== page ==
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Daniel Hale, one of the great American Whistleblowers, was just moments ago sentenced to four years in prison. His crime was telling this truth: 90% of those killed by US drones are bystanders, not the intended targets.

He should have been given a medal. t.co/3i4IbkrfI3

· · twitter2mastodon · 1 · 36 · 10

@snowden "Prosecutors argued that ... Hale was acting not out of moral principle but a base desire to feel important, citing his own dreams of becoming a journalist: “He … chose to place his ego above his oaths.”

Whistleblowers risk job loss, prison time, injury, and death to reveal wrongdoing when official accountability mechanisms fail to inform the public. A 90% false positive rate should be in the news, but wasn't before Hale. His act was selfless, and important.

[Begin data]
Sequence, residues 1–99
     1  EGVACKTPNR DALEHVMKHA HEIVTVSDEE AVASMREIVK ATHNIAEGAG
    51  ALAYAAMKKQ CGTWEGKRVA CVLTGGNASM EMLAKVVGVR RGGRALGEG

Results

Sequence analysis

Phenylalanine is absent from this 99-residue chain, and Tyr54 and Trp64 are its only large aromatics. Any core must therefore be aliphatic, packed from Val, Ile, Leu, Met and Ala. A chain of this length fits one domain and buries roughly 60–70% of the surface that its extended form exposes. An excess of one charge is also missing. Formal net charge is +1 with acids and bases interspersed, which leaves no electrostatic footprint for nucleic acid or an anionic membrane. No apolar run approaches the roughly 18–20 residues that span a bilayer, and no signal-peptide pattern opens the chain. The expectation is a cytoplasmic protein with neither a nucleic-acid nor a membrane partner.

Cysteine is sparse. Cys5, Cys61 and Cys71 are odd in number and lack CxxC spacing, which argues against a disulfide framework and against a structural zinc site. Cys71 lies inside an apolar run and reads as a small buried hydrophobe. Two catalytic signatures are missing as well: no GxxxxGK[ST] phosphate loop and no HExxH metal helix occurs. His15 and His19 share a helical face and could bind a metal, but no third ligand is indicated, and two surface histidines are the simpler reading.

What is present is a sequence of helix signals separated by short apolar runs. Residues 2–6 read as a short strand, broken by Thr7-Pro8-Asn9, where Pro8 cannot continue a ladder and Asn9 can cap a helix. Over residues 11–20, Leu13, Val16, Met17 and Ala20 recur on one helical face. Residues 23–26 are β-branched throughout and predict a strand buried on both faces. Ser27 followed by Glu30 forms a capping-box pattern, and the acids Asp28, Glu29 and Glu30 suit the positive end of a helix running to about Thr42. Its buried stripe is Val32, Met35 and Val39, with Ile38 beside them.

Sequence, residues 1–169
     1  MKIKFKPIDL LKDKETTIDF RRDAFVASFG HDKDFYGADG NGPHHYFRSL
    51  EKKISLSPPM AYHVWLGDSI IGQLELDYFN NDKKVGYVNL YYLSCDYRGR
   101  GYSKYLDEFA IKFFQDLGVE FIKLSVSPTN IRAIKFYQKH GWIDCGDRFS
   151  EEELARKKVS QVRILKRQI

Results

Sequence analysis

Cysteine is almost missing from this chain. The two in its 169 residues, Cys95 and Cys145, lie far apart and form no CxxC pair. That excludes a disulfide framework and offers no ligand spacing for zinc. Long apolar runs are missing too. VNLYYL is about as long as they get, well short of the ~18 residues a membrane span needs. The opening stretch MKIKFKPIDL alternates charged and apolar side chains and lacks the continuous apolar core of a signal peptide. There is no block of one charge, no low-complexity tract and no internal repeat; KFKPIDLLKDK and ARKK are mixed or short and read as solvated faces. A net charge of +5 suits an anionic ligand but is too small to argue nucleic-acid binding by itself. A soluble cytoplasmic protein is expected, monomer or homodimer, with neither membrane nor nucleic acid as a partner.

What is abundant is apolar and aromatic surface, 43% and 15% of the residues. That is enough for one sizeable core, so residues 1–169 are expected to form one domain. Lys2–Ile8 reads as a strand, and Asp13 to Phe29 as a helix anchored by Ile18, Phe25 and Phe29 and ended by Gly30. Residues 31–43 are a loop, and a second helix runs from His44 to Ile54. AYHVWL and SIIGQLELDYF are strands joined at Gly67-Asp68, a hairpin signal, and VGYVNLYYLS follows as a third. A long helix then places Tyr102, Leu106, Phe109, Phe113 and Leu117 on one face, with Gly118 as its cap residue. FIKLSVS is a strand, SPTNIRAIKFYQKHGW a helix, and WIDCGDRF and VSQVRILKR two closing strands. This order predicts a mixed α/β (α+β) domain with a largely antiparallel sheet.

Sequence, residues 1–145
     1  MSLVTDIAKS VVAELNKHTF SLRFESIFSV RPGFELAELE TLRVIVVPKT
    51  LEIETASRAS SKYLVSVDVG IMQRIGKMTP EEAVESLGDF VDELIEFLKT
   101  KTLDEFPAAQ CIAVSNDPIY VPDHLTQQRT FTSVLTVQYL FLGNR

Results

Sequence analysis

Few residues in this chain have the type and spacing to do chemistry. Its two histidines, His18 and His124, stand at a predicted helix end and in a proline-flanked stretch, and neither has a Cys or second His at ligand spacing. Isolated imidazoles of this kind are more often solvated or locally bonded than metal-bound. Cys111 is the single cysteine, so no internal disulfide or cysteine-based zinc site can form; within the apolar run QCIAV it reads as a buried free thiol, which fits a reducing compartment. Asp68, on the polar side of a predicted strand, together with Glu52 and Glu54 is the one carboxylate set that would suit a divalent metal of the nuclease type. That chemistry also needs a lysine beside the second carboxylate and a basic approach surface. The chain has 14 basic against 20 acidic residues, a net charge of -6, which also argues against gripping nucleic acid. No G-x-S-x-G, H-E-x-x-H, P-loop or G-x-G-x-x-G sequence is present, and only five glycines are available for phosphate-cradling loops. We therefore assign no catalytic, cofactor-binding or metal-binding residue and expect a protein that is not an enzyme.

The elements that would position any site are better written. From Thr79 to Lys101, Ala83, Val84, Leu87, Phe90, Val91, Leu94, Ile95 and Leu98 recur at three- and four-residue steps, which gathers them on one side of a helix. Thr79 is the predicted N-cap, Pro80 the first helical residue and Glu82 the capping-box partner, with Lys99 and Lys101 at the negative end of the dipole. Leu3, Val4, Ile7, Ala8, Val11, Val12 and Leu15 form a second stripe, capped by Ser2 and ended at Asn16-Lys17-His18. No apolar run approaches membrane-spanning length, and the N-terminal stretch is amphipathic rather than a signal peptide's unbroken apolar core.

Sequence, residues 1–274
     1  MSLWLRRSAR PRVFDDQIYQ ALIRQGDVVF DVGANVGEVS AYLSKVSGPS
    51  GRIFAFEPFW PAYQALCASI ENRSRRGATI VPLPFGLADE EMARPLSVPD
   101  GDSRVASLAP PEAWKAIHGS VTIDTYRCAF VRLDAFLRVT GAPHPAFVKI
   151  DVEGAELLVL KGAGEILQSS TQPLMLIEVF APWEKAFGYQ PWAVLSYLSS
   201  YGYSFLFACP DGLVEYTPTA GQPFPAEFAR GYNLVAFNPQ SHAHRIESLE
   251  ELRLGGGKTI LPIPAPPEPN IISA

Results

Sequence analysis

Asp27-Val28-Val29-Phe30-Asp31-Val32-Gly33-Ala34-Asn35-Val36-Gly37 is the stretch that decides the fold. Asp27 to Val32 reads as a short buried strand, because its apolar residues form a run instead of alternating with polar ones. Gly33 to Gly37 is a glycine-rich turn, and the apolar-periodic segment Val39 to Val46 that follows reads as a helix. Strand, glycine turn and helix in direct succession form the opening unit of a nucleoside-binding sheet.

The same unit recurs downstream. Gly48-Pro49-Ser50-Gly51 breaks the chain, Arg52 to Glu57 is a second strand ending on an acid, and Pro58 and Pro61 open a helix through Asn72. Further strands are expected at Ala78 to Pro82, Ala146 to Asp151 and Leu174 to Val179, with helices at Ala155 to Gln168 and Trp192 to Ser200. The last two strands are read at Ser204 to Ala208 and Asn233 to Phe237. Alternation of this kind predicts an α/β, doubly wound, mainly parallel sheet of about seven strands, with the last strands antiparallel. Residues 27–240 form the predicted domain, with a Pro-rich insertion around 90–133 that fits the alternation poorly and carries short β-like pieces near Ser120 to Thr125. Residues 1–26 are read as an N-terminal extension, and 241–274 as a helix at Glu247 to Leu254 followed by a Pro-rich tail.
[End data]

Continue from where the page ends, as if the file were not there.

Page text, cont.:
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@snowden Charging whistleblowers under the Espionage Act is a terrible new development in the US, betraying ideals that protect speech and its vital connection to self-governance, and supporting in practice a system of official secrecy with ineffectual mechanisms for transparency. Whistleblowing is a symptom of that ineffectiveness; people should not have to go to prison for the public to remain properly informed.

washingtonpost.com/local/legal

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